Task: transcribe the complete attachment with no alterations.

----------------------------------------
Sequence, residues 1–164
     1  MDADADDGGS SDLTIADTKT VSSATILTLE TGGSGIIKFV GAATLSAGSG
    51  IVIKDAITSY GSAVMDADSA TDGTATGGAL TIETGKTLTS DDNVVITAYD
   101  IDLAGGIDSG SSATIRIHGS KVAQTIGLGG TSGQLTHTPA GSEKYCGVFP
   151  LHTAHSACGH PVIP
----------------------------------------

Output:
Sequence, residues 1–164
     1  MDADADDGGS SDLTIADTKT VSSATILTLE TGGSGIIKFV GAATLSAGSG
    51  IVIKDAITSY GSAVMDADSA TDGTATGGAL TIETGKTLTS DDNVVITAYD
   101  IDLAGGIDSG SSATIRIHGS KVAQTIGLGG TSGQLTHTPA GSEKYCGVFP
   151  LHTAHSACGH PVIP